Thrilling heroics have always been an important part of adventuring in table-top roleplaying games. The rules of 5th edition are great for covering most basic action but occasionally players want something more exciting to happen. The swashbuckler may want to distract opponents by kicking the table at them, or the cavalier leaps from their charging horse to make a more devastating attack, this is all part of thrilling heroic action at the heart of adventure based roleplaying games.

A goliath barbarian leaping in the air about to strike with their axe.
Image Credit Nick Robles

Spectacular heroic action itself adds a lot to an encounter, but what makes an action thrilling is the risk that goes along with it. Players who want to attempt some daring action that creates an extra effect, should offer some option for how they do it and what the drawback is if they fail. As with most things in 5th edition, this usually takes the form of stating some goal, picking a skill and stating what the outcome is for success or failure and rolls against a difficulty set by the DM.

The most simple case is the player asks for some action to create a bonus to an action, the DM says they have to succeed on skill check or lose the action entirely. In this case the reward is some simple bonus, and the risk is that they have to essentially succeed on two rolls to pull of an action or lose it altogether. Greater bonuses or effects may require putting something more at risk.

Heroic Action!

Heroics are some action that grants a bonus, advantage, or some condition that isn’t normally allowed or available through the normal rules. Some examples of things players might try to gain from a heroic action are:

Example Heroics

Bonus Impact
+1 bonus Minor
+1d4 bonus Minor
Disadvantage for opponent Moderate
Advantage for player Moderate
Additional damage die Moderate
Push the use of an ability Significant
Add significan new effect or combine effects Significant

Thrilling Risks!

Heroics are some action that grants a bonus, advantage, or some condition that isn’t normally allowed or available through the normal rules. Some examples of things players might try to gain from a heroic action are:

Risk Impact
Loss of half movement Minor
Require a skill roll Minor
Player disadvantage Moderate
One opponent advantage Moderate
Take extra die of damage Moderate
Invoke Attack of Opportunity Moderate
All opponents advantage Significant
Fall prone Significant
Loss of Action Significant
Loss of Turn Very Significant


By their very nature, an action the generates new options would be difficult or hard to pull off. Otherwise it wouldn’t be very spectacular and anyone would do it. The DC for a roll typically starts at DC 15 or higher depending on the difficulty of the situation and effect they are trying to achieve. The DM should declare the difficulty before the player decides to proceed with the action so they can determine if this is a risk they are willing to take.

Balancing Things Out

The core idea of Thrilling Heroics is that they balance risks with rewards in 5th edition games. These are not intended to create new mechanics, imply a new contract with the DM and are always expected to be adhoc actions to add excitement to a game, not be a replacement for the rules or cause action creep into the game.

When requesting some sort of heroic action there are a few things to keep in mind to keep this from going off the rails. Heroics are generally creating an opportunity for something they might reasonably have access too. It’s generally a good idea to avoid allowing access to features or abilities not available until later in the game, such as multiple attacks. Likewise it’s generally good to avoid granting a character access to some ability or feature that is a unique aspect of another characters class or role.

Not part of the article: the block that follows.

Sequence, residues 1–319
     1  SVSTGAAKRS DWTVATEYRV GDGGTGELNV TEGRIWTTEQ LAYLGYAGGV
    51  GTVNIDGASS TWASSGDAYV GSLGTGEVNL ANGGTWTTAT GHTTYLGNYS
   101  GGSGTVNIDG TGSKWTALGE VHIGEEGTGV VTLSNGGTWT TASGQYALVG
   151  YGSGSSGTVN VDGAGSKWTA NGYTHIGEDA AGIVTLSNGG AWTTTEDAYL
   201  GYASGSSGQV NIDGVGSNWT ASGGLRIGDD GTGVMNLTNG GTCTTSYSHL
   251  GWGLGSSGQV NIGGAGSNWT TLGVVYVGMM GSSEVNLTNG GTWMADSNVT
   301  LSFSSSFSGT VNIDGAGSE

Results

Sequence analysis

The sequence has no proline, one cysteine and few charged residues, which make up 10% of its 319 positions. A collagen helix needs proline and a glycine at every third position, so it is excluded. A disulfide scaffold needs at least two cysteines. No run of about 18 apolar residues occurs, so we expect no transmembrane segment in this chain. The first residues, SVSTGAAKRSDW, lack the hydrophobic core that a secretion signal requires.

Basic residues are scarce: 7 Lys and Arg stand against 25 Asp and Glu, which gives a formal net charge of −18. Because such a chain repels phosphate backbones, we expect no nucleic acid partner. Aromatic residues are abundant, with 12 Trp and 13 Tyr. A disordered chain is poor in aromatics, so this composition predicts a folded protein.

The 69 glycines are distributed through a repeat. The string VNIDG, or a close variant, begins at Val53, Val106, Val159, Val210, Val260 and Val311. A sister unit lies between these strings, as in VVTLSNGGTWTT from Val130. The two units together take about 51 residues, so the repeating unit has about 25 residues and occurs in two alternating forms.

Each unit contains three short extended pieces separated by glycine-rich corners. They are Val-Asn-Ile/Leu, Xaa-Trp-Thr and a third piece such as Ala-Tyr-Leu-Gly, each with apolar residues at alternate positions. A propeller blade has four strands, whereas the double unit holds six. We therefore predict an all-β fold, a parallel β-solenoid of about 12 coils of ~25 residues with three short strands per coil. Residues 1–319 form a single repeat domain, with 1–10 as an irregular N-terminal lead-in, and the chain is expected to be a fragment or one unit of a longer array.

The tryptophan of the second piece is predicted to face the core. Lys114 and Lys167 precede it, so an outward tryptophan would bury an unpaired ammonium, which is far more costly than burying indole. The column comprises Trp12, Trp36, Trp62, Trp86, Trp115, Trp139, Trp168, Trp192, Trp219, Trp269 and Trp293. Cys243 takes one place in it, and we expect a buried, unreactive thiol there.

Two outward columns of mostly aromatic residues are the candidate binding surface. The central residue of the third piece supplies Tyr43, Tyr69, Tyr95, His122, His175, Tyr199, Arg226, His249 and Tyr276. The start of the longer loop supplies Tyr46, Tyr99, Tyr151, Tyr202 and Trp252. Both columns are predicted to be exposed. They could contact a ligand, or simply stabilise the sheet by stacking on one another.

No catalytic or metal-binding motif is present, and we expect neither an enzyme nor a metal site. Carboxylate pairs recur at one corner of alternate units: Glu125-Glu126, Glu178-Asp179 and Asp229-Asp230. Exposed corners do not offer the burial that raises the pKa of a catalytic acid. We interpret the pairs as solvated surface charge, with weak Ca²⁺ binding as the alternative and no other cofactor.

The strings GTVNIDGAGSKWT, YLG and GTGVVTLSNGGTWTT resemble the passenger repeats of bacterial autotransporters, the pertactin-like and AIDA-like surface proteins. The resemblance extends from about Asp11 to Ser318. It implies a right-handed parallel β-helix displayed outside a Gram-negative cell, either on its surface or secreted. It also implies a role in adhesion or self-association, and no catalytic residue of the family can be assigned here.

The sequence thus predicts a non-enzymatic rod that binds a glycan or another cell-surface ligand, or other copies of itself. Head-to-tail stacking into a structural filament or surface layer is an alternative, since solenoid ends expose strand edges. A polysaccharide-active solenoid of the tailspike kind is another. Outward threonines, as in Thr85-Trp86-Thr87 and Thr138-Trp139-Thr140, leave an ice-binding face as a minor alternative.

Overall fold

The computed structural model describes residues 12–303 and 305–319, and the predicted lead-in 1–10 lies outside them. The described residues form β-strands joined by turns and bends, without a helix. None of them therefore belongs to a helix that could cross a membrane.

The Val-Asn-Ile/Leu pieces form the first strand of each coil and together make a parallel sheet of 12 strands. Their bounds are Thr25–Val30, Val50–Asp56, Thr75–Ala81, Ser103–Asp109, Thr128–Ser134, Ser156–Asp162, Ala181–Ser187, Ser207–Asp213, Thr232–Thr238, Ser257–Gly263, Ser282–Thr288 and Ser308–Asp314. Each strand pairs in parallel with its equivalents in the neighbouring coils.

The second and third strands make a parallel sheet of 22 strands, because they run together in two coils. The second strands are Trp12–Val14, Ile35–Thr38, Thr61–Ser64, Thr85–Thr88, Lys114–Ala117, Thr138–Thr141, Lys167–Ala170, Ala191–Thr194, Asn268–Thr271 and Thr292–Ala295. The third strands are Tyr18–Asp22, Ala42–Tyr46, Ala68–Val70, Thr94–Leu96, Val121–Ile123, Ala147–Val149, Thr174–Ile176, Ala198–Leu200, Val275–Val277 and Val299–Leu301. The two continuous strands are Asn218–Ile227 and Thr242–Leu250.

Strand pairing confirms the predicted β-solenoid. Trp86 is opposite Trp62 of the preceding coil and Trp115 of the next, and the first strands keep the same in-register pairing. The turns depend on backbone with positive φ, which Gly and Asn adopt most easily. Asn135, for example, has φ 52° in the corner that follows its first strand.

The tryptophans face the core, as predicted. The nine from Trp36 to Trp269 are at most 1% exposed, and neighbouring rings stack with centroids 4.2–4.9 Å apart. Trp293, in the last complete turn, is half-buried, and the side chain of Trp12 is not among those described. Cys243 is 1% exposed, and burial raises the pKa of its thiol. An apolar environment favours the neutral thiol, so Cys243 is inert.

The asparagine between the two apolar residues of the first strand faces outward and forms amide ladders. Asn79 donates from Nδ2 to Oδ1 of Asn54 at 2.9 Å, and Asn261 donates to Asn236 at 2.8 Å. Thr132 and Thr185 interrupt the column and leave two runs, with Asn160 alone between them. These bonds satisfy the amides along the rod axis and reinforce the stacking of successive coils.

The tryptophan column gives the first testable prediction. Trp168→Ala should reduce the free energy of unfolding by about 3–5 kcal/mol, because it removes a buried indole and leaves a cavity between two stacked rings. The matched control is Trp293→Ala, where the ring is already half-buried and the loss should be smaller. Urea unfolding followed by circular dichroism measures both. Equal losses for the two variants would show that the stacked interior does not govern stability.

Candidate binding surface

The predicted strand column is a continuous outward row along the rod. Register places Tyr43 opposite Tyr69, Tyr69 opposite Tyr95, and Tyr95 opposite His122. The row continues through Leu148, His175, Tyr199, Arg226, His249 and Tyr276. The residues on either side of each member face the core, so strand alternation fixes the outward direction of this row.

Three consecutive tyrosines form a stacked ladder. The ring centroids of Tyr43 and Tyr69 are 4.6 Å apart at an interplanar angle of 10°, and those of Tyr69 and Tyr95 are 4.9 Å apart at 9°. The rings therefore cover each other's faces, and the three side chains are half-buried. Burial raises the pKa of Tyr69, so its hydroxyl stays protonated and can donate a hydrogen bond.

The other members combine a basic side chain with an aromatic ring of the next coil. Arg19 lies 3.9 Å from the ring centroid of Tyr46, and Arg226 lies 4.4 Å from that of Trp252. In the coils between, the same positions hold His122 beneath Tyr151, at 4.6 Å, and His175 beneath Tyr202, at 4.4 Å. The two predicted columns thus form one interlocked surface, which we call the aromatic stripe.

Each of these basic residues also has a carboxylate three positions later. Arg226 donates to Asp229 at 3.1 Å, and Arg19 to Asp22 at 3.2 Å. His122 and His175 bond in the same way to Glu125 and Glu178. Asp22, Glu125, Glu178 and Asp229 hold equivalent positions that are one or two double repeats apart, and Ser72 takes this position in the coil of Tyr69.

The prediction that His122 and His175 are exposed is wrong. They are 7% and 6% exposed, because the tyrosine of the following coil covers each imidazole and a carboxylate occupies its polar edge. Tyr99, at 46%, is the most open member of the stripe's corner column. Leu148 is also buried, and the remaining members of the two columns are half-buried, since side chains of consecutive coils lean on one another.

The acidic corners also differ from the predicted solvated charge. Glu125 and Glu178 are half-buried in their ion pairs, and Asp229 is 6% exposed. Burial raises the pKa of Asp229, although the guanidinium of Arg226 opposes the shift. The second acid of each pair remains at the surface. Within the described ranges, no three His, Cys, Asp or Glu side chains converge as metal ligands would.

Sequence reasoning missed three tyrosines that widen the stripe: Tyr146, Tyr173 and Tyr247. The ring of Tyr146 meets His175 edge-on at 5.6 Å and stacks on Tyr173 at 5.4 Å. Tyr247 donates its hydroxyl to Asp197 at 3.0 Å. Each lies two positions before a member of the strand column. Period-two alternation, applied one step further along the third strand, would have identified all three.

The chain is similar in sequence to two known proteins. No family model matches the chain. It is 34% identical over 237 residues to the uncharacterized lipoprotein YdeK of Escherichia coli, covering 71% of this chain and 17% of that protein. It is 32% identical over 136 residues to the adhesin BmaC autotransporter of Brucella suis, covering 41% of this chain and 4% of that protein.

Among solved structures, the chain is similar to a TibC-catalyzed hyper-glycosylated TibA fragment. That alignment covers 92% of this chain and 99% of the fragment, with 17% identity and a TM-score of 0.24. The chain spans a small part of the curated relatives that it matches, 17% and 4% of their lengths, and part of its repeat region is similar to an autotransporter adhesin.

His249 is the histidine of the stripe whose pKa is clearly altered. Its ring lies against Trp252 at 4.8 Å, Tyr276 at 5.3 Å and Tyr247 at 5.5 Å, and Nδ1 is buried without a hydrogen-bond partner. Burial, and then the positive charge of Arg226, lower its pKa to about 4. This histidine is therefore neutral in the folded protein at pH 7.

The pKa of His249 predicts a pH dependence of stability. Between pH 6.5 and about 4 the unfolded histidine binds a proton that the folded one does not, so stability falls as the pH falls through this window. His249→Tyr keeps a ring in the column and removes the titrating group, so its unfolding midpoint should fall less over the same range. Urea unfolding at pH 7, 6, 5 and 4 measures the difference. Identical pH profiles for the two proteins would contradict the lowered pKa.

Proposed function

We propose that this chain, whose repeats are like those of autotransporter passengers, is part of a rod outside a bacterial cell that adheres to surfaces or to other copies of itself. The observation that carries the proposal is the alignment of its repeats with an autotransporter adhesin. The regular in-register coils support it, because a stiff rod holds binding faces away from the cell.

It can’t be emphasised enough that balancing these requests is not only important to maintain the challenge of a game, but for inclusion of play styles as well. Some players are naturally more introverted and, others might be more talkative and coming up with Thrilling Heroics more often. Granting more advantages to players who just talk more is a disservice to players with a more introverted or cautious style of play. Balancing these advantages with potential risks maintains a healthy respect for different play-styles.


The types and variations of possible requests are near infinite and limited only by the groups imagination. This is what is so fantastic about table-top roleplaying games and what sets them apart from something like a video game. It does make it difficult however and for this to work, everyone needs to be bought into this as a fun addition to the game. Some examples of a Thrilling Heroic action might be:

  • “Can I kick the table in front of us at the enemy to block their vision for a moment before I attack? I’ll roll Deception to try to give me advantage on so I can sneak attack, if I fail I lose my attack.”
  • “Can I leap off my charging horse and attack the enemy with an extra die of damage. I’ll roll athletics and if I fail I fall prone and take one die off damage.”
  • “Can I throw the lantern in front of the archers to create smoke that gives them disadvantage on shooting at us. If I miss I might hit one of the PCs?”
  • “Can I use my whip to try to grab the weapon out of their hands so I have it if I sacrifice my actin surge?”
  • “Can I use acrobatics to tumble through the group of enemies and avoid attacks of opportunities, if I fail I’ll stop in the middle and the first attack on me has advantage.”
  • “Can I try to wake up an unconscious character at 1 hp with a Medicine Check, if I fail they will start to make death saves again, starting with 1 failed save?” (Note this would require consent of the other character)
  • “With my rope tied to my ice axe, can I throw it and try to pull the hag down off of the wall? I’ll roll and shove attack, and the rope snaps if I fail and I lose my weapon.”